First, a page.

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University of Michigan Law School

Michigan Journal of Gender & Law

Feminism

Family Law

Publication Year

Articles 1 - 3 of 3

Full-Text Articles in Law

An Incomplete Revolution: Feminists And The Legacy Of Marital-Property Reform, Mary Ziegler Jan 2013

An Incomplete Revolution: Feminists And The Legacy Of Marital-Property Reform, Mary Ziegler

Michigan Journal of Gender & Law

As this Article shows, the conventional historical narrative of the divorce revolution is not so much incorrect as incomplete. Histories of the divorce revolution have focused disproportionately on the introduction of no-fault rules and have correctly concluded that women's groups did not play a central role in the introduction of such laws. However, work on divorce law has not adequately addressed the history of marital-property reform or engaged with scholarship on the struggle for the Equal Rights Amendment to the federal Constitution. Putting these two bodies of work in dialogue with one another, the Article provides the first comprehensive ...


Against The New Maternalism, Naomi Mezey, Cornelia T. L. Pillard Jan 2012

Against The New Maternalism, Naomi Mezey, Cornelia T. L. Pillard

Michigan Journal of Gender & Law

Parenting is a major preoccupation in law and culture. As a result of efforts of the American women's movement over the past forty years, the legal parent is, for the first time in history, sex-neutral. Our law has abandoned restrictions on women's education, employment, and civic participation that sprang from and reinforced beliefs about the primacy of motherhood as women's best destiny. On the flip side, U.S. law now also generally rejects formal constraints on men's family roles by requiring sex-neutrality of laws regulating custody, adoption, alimony, spousal benefits, and the like. The official de-linking ...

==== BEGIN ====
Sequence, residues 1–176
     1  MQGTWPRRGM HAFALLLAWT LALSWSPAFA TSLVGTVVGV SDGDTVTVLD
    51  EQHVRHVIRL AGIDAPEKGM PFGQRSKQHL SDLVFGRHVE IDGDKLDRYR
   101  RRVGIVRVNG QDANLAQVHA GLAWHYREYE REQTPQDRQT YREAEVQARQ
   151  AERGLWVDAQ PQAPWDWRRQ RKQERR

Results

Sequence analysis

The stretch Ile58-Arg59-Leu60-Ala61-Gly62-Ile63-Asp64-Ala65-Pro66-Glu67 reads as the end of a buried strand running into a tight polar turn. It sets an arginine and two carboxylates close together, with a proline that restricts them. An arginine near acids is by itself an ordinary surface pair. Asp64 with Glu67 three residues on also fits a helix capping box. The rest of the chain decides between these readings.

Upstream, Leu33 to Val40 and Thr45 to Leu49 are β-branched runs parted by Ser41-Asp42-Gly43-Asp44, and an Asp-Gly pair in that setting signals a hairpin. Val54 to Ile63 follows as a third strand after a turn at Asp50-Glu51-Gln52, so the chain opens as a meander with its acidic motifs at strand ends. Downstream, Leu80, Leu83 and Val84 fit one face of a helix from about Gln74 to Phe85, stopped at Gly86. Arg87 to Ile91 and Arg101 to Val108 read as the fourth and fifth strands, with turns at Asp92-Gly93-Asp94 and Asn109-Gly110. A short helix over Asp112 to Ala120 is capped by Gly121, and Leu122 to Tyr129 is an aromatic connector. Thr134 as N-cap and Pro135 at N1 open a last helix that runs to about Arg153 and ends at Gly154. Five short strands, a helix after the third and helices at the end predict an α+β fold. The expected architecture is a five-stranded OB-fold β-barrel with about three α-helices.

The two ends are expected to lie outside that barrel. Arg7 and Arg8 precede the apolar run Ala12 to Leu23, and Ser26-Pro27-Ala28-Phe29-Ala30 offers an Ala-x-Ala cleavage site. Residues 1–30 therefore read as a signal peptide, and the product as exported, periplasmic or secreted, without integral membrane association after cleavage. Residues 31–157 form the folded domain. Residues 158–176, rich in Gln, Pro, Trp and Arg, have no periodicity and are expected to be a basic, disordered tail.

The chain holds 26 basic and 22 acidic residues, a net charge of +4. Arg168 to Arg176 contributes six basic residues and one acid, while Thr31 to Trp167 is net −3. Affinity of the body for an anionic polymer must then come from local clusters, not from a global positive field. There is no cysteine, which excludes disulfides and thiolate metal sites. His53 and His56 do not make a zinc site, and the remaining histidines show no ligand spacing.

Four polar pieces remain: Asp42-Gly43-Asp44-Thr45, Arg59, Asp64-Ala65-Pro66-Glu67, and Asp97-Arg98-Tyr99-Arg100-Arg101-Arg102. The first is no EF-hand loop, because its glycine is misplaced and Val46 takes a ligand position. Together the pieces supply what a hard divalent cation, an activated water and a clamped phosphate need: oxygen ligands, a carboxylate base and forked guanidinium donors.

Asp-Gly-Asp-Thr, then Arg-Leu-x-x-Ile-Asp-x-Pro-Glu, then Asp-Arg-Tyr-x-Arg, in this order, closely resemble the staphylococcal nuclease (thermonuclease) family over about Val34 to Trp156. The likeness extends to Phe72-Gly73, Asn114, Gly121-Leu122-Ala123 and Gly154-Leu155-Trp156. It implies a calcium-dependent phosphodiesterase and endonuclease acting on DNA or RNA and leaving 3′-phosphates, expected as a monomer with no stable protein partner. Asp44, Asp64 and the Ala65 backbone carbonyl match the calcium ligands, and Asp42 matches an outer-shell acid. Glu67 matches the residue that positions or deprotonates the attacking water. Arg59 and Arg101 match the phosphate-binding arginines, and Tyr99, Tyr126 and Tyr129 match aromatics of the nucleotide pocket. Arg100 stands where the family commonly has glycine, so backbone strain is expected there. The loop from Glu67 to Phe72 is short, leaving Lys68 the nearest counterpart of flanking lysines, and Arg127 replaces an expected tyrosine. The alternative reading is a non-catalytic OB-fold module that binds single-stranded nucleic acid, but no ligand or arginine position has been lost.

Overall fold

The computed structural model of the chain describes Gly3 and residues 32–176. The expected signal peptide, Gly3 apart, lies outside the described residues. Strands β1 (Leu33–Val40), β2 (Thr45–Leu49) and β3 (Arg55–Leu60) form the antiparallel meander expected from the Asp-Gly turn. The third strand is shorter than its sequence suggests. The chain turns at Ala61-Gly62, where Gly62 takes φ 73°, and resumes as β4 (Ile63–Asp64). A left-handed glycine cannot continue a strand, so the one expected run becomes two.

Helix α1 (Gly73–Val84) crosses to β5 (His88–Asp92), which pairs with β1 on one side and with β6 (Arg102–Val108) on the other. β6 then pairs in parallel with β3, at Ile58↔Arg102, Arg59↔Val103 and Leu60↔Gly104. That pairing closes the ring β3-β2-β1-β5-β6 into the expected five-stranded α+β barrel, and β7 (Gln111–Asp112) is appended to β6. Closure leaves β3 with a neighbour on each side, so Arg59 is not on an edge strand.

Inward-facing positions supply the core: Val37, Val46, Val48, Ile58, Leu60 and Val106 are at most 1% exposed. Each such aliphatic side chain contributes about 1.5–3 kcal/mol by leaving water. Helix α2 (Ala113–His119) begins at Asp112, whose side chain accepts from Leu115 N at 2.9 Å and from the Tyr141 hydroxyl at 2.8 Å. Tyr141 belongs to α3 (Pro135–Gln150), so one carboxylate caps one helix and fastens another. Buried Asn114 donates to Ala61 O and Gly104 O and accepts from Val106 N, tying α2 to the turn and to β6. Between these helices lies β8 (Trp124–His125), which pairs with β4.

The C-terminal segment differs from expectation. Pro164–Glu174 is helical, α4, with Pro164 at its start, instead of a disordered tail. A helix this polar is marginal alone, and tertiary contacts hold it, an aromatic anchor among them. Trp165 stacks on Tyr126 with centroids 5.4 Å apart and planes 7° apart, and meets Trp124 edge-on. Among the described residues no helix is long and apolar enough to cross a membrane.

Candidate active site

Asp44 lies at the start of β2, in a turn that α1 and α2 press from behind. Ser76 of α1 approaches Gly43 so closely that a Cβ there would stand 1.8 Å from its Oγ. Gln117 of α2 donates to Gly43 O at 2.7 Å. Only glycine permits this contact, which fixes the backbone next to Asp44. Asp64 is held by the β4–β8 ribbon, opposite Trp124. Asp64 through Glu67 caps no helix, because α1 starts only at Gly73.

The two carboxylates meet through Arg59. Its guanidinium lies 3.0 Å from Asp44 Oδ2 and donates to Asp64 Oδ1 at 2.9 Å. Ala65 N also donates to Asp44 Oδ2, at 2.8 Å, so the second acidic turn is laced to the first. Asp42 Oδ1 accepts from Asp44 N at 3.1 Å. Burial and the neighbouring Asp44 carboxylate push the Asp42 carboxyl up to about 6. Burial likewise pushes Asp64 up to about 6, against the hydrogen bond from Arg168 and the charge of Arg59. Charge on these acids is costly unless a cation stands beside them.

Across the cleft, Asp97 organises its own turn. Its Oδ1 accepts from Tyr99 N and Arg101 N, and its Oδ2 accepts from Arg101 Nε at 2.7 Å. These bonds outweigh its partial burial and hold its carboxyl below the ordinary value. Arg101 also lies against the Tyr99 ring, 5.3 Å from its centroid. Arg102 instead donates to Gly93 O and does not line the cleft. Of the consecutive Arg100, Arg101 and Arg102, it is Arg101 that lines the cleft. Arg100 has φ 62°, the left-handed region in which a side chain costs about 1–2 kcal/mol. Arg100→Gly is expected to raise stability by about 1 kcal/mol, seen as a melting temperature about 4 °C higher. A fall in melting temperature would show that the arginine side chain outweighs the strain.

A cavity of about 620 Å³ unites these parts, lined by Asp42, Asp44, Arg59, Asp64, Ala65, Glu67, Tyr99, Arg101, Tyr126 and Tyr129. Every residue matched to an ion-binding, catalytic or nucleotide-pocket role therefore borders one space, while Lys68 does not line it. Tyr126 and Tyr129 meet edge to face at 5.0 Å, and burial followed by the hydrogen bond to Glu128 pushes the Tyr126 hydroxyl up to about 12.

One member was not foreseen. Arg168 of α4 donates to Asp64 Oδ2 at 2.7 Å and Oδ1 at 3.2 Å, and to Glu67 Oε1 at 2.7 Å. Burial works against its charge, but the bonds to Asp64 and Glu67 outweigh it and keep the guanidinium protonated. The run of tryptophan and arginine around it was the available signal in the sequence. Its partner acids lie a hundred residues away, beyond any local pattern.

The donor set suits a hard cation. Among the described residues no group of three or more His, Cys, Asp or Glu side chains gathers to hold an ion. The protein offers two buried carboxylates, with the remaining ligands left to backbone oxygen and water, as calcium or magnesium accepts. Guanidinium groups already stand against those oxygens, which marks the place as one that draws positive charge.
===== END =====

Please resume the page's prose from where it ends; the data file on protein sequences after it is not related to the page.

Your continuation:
"O Wind, Remind Him That I Have No Child": Infertility And Feminist Jurisprudence, Linda J. Lacey Jan 1998

"O Wind, Remind Him That I Have No Child": Infertility And Feminist Jurisprudence, Linda J. Lacey

Michigan Journal of Gender & Law

Feminists have constructed a "grand theory" of infertility and new reproductive techniques that has little to do with reality. Much of the discussion of reproductive technology is written in highly abstract, philosophical terms, rather than in the more experiential, narrative style which characterizes much of feminist jurisprudence. The infertile woman is generally voiceless and invisible in the telling of this story; when she does appear she is dismissed or criticized. This Article is an attempt to begin dialogue which incorporates her perspective into the discussion.